Living with Hashimoto's Thyroiditis, an auto-immune disorder (AI), (my thyroid is under attack by my immune system as it is suspected of being an invader), I understand about the frustrations AI disease symptoms can bring - pain, discomfort, fatigue, bloating, digestive distress, anxiety, etc. While I think it's greatly important to be followed by an MD, I also believe the buck doesn't stop there.
I've been under the care of a nutritionist, naturopathic physician, my MD, and have read multiple books and articles on the topic of living healthy with an AI condition. I'm well aware that anyone having any AI disease, should absolutely consider becoming gluten-free. (This idea is not restricted to those having Celiac Disease, yet another AI condition where the digestive tract in seen by the immune system as an invader.) Moreover, given the damage that many believe gluten may cause to anyone's intestinal tract over the years, (that could then lead to an AI disease and a host of other physical ailments), I'd like to propose that all of us, even those who do not currently have an AI disease consider going gluten-free.
So, what do I do to be gluten-free in my life?
I eat and prepare most of my meals at home and my food choices are just about always single ingredient and "clean" - pasture-raised, grass-fed land animals, wild fish, local or organic vegetables and fruit.
When I do buy packaged gluten-free items, I always check the ingredient list. Just because something is marketed as gluten-free, doesn't automatically make it a healthy food choice. Get in the habit of checking the ingredient list of anything you purchase. If there are multiple, unpronounceable ingredients - more than 5 - put it back.
I avoid any condiment or anything that contains "natural flavors or flavorings" as well as MSG. More often than not, gluten is lurking right around the corner when you see those listed.
When I eat in a restaurant I always ask if they have a gluten-free menu. More often than not they don't but at least they know I want my meal without flour or bread crumbs. Don't assume that if you order fish or meat that your meal by default will be gluten-free. Ask about marinades used as well. I remember one time ordering a seemingly "clean" steak, and several hours later suffering extreme nausea and headache. Some of you may be thinking "food poisoning". Perhaps, but I know well my symptoms when I've been "glutenized".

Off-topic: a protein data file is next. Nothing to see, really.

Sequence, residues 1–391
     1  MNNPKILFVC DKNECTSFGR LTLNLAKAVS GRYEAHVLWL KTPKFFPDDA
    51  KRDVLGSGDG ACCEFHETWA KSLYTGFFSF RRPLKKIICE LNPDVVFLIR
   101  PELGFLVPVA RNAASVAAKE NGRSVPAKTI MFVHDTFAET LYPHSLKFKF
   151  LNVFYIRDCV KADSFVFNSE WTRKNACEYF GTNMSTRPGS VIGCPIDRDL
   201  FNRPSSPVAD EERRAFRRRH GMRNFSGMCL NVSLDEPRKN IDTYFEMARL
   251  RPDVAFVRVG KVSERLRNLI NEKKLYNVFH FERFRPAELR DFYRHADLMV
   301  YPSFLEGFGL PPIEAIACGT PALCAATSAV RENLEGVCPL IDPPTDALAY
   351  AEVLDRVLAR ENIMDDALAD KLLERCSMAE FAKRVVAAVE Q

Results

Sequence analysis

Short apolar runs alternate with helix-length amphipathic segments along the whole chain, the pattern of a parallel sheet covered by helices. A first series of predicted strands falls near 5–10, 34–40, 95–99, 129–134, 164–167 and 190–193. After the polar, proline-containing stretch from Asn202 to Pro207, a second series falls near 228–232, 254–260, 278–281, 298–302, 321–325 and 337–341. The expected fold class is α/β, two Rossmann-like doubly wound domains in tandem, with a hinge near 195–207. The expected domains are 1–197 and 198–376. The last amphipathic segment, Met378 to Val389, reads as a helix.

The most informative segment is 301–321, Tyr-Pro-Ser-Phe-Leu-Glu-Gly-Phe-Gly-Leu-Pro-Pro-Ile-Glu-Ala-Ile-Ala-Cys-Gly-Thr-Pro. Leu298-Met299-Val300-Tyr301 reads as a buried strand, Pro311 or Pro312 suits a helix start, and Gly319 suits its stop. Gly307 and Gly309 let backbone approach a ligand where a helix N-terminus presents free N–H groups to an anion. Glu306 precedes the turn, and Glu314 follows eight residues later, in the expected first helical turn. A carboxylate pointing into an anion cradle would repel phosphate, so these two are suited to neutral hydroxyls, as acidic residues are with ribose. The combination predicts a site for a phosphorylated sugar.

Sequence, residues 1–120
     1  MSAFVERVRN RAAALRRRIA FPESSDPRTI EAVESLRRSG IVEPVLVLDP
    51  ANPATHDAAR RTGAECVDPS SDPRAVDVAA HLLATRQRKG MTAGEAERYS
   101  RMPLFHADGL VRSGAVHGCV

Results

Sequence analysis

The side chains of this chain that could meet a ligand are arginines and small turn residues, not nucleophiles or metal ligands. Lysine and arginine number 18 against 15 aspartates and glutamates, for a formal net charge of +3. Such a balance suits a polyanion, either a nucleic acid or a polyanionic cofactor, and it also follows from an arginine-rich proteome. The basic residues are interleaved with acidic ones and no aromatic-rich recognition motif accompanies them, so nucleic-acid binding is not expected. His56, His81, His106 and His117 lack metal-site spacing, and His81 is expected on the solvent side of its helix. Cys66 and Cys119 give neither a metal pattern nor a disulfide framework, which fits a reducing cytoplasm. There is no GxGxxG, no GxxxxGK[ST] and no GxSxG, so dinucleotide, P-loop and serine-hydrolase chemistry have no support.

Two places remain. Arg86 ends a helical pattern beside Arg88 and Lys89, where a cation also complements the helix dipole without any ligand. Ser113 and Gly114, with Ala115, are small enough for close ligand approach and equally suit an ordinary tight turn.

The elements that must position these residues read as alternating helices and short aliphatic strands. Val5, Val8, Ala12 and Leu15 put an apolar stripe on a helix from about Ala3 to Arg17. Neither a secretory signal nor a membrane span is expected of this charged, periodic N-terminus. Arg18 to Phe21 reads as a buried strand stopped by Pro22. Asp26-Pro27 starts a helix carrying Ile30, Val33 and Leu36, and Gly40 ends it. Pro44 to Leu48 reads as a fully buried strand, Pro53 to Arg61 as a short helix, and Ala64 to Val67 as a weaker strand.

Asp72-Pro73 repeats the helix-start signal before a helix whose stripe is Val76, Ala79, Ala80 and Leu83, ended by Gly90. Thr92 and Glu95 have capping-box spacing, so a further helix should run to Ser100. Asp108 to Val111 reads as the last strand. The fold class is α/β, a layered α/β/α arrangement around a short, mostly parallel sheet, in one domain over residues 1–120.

I don't usually eat pasta out, but beware when restaurants offer gluten-free pasta. The alert here should be on where the pasta is prepared. If your gluten-free pasta is added to the same pot of water where regular pasta is cooked, your pasta will be "contaminated" and no longer gluten-free.
Lastly, I use gluten-free cosmetics and body products. There are many "clean" grooming products available nowadays. Check out your local health food store or go on-line. As you most likely know, many prescribed medications are topical and absorbed through the skin. In a similar fashion, we need to consider that body lotions, soaps, shampoos, make up, etc. containing gluten and other less than healthy ingredients have the same tendency to be absorbed by our bodies. I make sure to use gluten-free lip stick along with other gluten-free toiletries.
in my mind and life, the topic of being gluten-free is related to "clean" living. The idea sounds daunting to many. My experience though is that with patience and curiosity, becoming gluten-free is really not such a big deal. In fact, it's actually kind of easy.
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